Hasna explaining how the ethanol stove keeps her home and utensils clean

Having fled conflict in their own country, the Somalian women in the refugee camps of Eastern Ethiopia were provided with basic items and support. However, at first they were not provided with cooking fuel. As a result they spent many exhausting hours each day looking for firewood. The result was deforestation, and danger as many women faced attack.

The Gaia Association, an Ethiopian NGO, saw an opportunity to provide cleaner, safer cooking to refugee families, using ethanol-fuelled cooking stoves. Working with the UNHCR, the main providers of support in the camps, they raised the funds to provide stoves to camp residents, set up a training and support network and agreed to purchase the ethanol off the government.


The protracted conflict in Somalia has disrupted life for millions of people. Over the past 20 years, refugees have travelled west to neighbouring Ethiopia, reaching a peak of over 600,000 in the early 1990s. Many returned voluntarily when the conflict eased in 2005, but since July 2007 the worsening situation in Somalia has caused refugees to return to Ethiopia for safety. Approximately 27,000 people are now living in Kebribeyah and Teferi Ber refugee camps in eastern Ethiopia and the UNHCR plans to re-open at least two more camps.

The UNHCR works with a number of NGO partners, including the Ethiopian Administration for Refugee and Returnee Affairs (ARRA) to care for refugees. It provides basic building materials, and families in Kebribeyah fence in small compounds in which they build a group of huts. Food, and basic non-food items like cooking pots are also provided, and water is pumped from a borehole about 20 km away, although the supply is frequently disrupted. Other NGO partners are involved with education, health and welfare.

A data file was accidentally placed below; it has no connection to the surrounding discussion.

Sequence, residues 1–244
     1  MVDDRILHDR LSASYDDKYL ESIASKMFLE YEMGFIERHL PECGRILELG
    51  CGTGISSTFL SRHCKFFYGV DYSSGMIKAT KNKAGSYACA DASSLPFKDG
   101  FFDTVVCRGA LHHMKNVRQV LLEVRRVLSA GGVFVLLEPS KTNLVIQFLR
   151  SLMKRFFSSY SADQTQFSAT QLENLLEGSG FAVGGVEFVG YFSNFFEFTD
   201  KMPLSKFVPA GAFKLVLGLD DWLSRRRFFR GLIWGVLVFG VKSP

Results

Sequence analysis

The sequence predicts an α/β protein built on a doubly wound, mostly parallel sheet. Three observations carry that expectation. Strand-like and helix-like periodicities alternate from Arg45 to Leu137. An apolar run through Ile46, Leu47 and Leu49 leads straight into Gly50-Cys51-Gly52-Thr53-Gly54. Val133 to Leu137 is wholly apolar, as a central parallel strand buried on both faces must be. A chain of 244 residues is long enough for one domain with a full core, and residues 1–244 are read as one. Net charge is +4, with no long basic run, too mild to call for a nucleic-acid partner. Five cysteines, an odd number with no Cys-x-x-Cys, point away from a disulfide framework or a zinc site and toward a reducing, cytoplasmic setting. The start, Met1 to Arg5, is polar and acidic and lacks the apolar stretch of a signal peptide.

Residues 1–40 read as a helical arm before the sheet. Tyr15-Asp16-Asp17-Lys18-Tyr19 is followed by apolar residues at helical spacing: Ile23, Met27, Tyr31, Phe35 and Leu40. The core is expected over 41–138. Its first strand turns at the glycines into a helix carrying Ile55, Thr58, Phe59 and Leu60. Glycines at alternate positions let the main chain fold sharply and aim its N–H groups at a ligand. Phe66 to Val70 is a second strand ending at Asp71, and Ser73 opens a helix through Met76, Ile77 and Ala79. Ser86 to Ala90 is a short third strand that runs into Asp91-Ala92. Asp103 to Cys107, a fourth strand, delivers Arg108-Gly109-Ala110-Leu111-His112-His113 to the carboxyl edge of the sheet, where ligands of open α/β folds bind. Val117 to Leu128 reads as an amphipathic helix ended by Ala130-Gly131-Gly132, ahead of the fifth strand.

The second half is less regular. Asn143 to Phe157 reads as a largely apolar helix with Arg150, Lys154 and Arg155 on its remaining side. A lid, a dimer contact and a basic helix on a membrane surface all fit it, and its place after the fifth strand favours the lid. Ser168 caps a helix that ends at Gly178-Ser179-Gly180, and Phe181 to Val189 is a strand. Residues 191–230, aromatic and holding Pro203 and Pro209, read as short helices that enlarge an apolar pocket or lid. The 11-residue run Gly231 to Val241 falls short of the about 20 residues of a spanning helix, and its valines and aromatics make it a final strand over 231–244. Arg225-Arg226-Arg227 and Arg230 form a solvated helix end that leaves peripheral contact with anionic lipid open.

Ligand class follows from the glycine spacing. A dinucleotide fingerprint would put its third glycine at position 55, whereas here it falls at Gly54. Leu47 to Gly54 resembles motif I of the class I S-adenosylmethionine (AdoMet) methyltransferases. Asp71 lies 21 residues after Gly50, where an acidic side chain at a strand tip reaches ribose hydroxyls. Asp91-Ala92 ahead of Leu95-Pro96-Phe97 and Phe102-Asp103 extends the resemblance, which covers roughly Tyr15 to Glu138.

Until recently, refugee households have not been provided with cooking fuel. This has forced refugee women to go out of the camps to collect firewood, where they are in great danger of attack and rape. Over 20 years, the previously well-wooded area around Kebribeyah has become seriously deforested.

Kebribeyah camp is home to 17,000 people, so pressures on fuelwood were enormous

Separately the Government of Ethiopia knew that unwanted molasses (a by-product of the sugar cane industry) was causing pollution through being dumped in rivers. At one sugar mill this pollution problem had been solved by constructing a plant to convert molasses to ethanol, but markets for the ethanol were limited. The Government recognised the potential for using this ethanol as a clean fuel for cooking, and in 2003 put out a tender for a pilot study of ethanol stoves. Harry Stokes (of Stokes Consulting) and Bengt Ebbeson (inventor of the CleanCook stove) won the tender. The Swedish-designed CleanCook stove, fuelled with locally-produced ethanol was used in a pilot study of 850 households, 300 of which were in three refugee camps.

Technology and use


The CleanCook stove is modelled on the Origo stove, which was invented in 1979 by Bengt Ebbeson and developed for the European and North American leisure market. The Origo has become one of the most popular stoves for use in boats and camping, and is now manufactured by Swedish company Dometic.